ere and There: Two Degrees of Separation
Sandy Wimer and Bill Hosterman
| “Via Scorpio I”, stone lithograph / chine colle
6″ x 7″, 2009
| “Via Scorpio II”, stone lithograph / chine colle
8″ x 9″, 2009
Growing up and spending most of my life in the plains states provided an experience of living with a sky that is cinematic. My work comes from sky images either remembered, invented, or found through photography. I am charged emotionally and visually when I focus on the sky. Finding delicate fleeting patterns, coupled with subtle atmospheric shades of gray; I seek a composition of shapes and forms, of light and shadow, of weaving in and out between the subject and its environ- ment that speaks to an indecipherable urge. As a visual artist with a background in traditional printmaking, I have utilized many techniques in my work from one series to the next. I have explored both traditional methods and newer, digital-based methods and I feel I have come full circle. These recent prints are a centering point for me – a stepping back and reconnecting with printmaking as I first learned it and remembering why I fell in love with it.
On choosing Bill Hosterman
I first met Bill Hosterman at Tamarind Institute during a month long workshop on nontoxic lithography. I was impressed with his skills as a printmaker and his experience in South Africa as a printmaker. I lost touch with his whereabouts but recently on the website INKTERACTION I found that he is teaching in Michigan at Grand Valley State University and still making beautiful prints. What stands out to me about his work is his attention to detail, craftsmanship, ingenuity and creativity. The etchings are reminiscent of 16th century German etchers, which are some of my favorites.
| “Locus”, etching
11″ x 12″, 2009
| “Reach”, etching
11″ x 36″, 2008
I am interested in creating psychological spaces that reflect upon the nature of our physical existence. Rhythm and repetition allow my body to become a conduit to my mind, permitting me to transcend conscious experience, to embark upon a journey, filtering and distilling the senses before arriving in a fundamentally new place. Through the physical process of creating these pieces, they become a part of me, an extension of my responses to the physical world, an expression of my mental state and a catalog of my memories. For the viewers, I want my work to be a collaboration in which I strive to create a living place within their mind, evoking in them a desire to explore and contemplate, to find connections to and bridges between the physical and mental world.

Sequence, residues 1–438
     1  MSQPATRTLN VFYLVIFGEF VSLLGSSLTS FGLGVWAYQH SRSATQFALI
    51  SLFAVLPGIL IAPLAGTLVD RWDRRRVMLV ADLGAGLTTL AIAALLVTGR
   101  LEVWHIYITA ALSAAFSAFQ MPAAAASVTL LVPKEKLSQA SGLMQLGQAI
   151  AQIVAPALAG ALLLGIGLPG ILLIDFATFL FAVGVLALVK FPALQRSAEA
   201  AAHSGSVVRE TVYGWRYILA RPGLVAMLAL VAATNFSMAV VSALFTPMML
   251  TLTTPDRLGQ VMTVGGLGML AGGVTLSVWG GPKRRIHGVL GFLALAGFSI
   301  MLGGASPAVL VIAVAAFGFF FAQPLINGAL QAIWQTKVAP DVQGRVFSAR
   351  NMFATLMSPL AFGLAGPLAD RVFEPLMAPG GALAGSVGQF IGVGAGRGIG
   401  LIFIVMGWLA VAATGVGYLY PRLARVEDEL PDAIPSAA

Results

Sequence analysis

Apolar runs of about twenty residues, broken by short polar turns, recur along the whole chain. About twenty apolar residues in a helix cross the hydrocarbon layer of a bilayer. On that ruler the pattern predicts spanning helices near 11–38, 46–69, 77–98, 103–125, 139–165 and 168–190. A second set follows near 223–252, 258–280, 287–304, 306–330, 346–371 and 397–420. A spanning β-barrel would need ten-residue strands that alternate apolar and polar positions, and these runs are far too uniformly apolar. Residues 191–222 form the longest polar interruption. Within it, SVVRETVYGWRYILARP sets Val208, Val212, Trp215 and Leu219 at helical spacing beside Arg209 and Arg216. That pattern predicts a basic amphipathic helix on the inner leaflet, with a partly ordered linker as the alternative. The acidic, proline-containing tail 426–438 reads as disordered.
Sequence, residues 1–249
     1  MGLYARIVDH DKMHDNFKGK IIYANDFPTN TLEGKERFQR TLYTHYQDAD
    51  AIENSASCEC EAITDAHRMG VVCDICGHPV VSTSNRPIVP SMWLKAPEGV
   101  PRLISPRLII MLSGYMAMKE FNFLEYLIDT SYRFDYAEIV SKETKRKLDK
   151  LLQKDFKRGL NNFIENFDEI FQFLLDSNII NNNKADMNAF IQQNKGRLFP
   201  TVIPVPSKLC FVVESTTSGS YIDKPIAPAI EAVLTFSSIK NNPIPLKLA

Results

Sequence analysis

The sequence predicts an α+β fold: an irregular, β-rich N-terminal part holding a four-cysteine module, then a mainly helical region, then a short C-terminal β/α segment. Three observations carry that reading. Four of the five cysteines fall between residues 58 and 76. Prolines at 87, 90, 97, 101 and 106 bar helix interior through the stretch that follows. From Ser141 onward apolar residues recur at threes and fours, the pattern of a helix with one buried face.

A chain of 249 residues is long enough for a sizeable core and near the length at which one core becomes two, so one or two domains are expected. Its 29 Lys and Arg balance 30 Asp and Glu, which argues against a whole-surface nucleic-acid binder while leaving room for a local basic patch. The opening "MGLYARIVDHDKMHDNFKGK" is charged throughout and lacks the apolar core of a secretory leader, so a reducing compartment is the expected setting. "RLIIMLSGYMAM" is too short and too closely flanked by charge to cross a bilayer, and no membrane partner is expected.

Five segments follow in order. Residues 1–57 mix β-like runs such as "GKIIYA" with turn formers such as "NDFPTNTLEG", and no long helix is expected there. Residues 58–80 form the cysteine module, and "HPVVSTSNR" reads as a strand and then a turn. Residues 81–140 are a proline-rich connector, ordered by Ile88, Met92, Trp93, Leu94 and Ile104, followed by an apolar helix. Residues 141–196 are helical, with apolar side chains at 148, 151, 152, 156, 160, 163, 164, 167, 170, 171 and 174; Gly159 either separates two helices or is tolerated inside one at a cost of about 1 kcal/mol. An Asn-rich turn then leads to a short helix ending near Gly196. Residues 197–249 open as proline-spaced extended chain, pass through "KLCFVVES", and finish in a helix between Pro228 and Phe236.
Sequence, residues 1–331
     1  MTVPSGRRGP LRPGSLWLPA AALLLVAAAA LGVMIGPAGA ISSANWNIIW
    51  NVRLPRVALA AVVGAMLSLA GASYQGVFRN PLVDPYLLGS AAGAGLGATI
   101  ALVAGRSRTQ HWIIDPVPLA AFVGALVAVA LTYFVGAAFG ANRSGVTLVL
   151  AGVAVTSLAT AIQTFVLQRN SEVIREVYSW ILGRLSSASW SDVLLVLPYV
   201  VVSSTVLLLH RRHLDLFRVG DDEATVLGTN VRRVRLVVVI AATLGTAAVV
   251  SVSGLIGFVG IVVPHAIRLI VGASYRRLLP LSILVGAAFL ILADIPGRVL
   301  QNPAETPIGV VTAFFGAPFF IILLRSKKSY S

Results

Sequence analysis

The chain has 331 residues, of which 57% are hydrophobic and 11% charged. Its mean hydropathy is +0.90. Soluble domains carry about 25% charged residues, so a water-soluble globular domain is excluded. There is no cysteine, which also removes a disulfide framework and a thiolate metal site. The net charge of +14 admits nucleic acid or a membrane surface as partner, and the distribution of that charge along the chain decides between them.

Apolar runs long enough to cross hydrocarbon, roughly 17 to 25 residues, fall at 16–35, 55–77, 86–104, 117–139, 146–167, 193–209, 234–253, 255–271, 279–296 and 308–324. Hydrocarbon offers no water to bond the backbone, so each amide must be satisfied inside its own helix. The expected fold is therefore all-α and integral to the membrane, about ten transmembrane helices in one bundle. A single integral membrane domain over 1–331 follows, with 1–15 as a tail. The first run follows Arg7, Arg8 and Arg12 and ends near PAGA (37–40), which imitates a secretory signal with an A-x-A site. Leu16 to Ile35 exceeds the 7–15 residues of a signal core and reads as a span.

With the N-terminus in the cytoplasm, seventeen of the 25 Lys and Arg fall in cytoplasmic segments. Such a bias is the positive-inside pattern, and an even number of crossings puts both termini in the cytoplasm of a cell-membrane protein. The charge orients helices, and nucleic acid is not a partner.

My work is based upon analogy, from its content to the creative choices I make. For example, drawing offers a means of defining the mental self through physical action. It becomes a type of mental motion, so as I move my tool across the surface, I am moving from one place to another, and the movement defines a new space in my mind. Through the line, I am able to explore ideas about the individual in the environment, as well as the desire, if not the outright human need, to seek out answers about our place in the greater scheme of things.
Printmaking is another essential and fundamental aspect of my work. On one level, there are clear boundaries that govern the nature of the process and offer structure for my creative process. However, there is also room for me to identify ideas that are not always intentional. Making work becomes a collaboration with the part of my mind that is instinctual, allowing me to respond intuitively to the medium – building layer upon layer, each existing on its own, but coming together to form something new and unpredictable.
Using layers and parts of larger works to create the collages allows me to explore ideas about individual and human context. Through collage, I am able to construct and deconstruct each image, keeping what feels essential and eliminating excesses. Pairing and juxtaposing the elements redefines them into something new yet again.
Over the years, I have made work that is both realistic and non-representational. Lately, I have gravitated toward the latter form of imagery because it allows me to explore without restriction, both in the work and in the mind of the viewer. This openness enables me to create a broader dialogue with the viewer, allowing greater opportunities for interpretation and involvement.